An apple a day keeps the… vet away?

Here is another thing that puzzles me – one of many…

The situation is all to familiar: You turn up to an appointment to have a look at a tree and the owner says that he or she had it pruned by a different tree care company and is not so sure about the result. Guess what: the tree has been absolutely demolished. Happens so often and is upsetting every time – because it is so unnecessary. Especially in view of the fact that when you start digging it turns out that the company who did the work is by no means a tree care company, but a forestry, landscaping, facility management company. Or the local farmer. But they are all tree care experts. Not.

A local landscaping company here has a running tree as its logo. Not surprising, really, in view of some of the work done, I reckon I would run too!

What I find really puzzling is why people step into this mental trap every time? Is it due to ignorance? Or is the decision price-driven? Probably it is a bit of both. And, last but not least, it probably has also to do with the fact that whether arborist, landscaper or forestry worker, they all deal with trees and greenery, right?

A bit like medicine. Vets and doctors both have to do with health and medicines. So I wonder whether that same client, next time she is ill will go and see the vet? Well, after all, it is cheaper and he also deals with medicine.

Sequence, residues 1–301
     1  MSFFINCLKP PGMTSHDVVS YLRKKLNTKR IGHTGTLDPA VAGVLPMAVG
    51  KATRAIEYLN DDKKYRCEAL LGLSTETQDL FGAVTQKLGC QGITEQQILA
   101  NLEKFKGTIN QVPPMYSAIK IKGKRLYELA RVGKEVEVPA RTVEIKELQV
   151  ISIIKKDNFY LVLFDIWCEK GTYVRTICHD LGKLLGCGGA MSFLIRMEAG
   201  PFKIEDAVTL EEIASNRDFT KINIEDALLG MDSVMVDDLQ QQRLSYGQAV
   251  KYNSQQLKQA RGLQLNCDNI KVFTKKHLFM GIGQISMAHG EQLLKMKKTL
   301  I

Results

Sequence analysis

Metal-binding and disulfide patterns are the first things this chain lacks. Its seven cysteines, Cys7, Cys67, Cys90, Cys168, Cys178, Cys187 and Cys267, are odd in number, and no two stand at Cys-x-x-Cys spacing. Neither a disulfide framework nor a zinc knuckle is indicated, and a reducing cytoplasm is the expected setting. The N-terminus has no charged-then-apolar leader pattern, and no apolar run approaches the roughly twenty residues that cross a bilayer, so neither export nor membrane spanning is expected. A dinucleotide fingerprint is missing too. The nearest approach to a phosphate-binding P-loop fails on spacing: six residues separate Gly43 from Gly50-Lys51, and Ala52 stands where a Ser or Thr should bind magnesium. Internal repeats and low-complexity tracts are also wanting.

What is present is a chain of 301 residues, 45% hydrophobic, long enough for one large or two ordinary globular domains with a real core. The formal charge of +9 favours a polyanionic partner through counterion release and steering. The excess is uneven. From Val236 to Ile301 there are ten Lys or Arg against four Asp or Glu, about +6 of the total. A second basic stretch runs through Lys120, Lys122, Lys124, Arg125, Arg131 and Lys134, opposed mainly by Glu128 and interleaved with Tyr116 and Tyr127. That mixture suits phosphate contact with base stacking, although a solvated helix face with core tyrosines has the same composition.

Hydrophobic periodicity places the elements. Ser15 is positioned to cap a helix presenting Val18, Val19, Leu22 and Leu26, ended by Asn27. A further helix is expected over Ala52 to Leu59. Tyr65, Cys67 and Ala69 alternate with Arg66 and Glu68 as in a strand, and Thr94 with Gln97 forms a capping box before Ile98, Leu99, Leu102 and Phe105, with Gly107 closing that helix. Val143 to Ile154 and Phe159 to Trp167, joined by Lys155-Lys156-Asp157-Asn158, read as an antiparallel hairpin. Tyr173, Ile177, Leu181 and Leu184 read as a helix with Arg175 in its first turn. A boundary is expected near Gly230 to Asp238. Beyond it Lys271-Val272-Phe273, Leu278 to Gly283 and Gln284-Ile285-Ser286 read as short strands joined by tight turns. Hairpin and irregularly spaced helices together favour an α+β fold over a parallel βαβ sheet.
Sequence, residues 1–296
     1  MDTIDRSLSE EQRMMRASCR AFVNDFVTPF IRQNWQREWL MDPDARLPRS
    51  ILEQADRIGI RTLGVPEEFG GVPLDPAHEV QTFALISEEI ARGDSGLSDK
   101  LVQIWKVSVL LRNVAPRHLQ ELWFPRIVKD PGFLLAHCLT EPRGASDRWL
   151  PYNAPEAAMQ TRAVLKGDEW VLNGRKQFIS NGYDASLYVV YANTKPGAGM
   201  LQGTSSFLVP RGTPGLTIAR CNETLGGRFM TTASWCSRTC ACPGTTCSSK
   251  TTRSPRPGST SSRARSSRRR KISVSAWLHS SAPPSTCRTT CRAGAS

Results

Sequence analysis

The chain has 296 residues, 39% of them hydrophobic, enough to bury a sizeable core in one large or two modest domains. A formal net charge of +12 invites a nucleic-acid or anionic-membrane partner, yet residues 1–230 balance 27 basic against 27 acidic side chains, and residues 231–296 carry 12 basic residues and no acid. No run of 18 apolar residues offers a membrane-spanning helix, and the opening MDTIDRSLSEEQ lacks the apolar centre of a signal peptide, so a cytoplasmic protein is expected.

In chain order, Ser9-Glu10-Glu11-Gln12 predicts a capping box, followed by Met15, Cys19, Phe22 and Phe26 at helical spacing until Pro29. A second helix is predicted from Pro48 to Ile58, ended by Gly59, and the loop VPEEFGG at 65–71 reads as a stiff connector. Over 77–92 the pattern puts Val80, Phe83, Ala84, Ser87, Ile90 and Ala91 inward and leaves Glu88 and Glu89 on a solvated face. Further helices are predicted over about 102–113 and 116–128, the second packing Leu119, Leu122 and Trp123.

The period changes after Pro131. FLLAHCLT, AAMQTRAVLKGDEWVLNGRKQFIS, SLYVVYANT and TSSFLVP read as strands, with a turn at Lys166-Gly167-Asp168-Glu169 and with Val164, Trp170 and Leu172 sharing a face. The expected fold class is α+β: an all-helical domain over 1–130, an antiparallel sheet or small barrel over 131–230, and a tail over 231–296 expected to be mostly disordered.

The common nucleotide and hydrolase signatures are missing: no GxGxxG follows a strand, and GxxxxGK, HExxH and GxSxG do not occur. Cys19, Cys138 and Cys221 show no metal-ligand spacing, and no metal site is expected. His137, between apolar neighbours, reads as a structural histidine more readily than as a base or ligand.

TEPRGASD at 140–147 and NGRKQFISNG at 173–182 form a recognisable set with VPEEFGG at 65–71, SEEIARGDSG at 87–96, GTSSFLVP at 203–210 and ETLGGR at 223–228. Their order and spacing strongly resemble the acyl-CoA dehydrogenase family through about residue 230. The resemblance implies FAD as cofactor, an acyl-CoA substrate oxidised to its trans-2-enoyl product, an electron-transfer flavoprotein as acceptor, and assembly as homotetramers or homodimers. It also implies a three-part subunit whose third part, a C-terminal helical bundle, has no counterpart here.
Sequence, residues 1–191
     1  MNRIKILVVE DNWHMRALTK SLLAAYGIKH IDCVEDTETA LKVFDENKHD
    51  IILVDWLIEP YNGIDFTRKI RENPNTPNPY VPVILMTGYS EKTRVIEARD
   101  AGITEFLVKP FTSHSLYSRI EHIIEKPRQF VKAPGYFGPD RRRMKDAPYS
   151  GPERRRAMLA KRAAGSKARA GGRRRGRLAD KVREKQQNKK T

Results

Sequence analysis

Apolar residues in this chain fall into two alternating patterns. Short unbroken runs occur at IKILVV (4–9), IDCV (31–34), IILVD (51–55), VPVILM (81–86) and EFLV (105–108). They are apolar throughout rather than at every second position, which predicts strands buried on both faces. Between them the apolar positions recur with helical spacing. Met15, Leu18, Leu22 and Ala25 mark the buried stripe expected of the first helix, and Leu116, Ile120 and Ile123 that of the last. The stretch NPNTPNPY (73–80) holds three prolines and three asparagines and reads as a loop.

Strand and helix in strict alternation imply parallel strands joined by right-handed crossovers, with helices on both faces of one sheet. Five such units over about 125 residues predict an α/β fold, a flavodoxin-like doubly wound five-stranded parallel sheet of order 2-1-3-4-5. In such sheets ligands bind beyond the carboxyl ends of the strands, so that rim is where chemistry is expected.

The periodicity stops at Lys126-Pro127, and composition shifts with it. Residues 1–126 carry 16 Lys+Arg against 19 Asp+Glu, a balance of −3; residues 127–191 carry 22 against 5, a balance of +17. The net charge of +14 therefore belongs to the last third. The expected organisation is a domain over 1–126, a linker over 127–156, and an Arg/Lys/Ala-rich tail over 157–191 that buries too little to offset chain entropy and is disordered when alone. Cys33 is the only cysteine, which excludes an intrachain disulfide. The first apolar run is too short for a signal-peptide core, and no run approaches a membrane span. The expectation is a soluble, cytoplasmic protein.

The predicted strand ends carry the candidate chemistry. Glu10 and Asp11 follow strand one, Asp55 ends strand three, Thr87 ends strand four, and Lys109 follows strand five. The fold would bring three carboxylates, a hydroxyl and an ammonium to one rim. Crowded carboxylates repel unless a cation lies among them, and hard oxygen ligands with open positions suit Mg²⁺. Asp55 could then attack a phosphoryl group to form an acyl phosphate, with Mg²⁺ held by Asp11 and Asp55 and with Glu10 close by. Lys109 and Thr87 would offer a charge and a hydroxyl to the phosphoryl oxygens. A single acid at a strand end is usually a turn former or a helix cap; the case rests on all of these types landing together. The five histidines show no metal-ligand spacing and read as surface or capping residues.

I can just picture it…

Vet (all latexed-up, ready to go, brandishing the mother of all syringes): Ok then, Mr. Bridge. We’ll sort this out in just a jiffy. If you wouldn’t mind dropping your trousers and bending over? I believe an enema is just the thing to sort your stomach upset.

Me (whimpering and turning an interesting shade of pale green): … oh-oh. Not sure this was a good idea after all. Don’t you just have some pills I could take?

No, it does not happen that way – probably just as well!

So obviously people are able to differentiate in some areas better than in others. Hopefully this change of mind will continue to cover other areas over time and bad, destructive tree work will increasingly be recognised and named as such – not least because of the high costs that the consequences of a tree-topping, for example, generate.

It is up to each and every one of us in our everyday work to define and communicate sustainable solutions that take into account the situation and the integrity of the tree.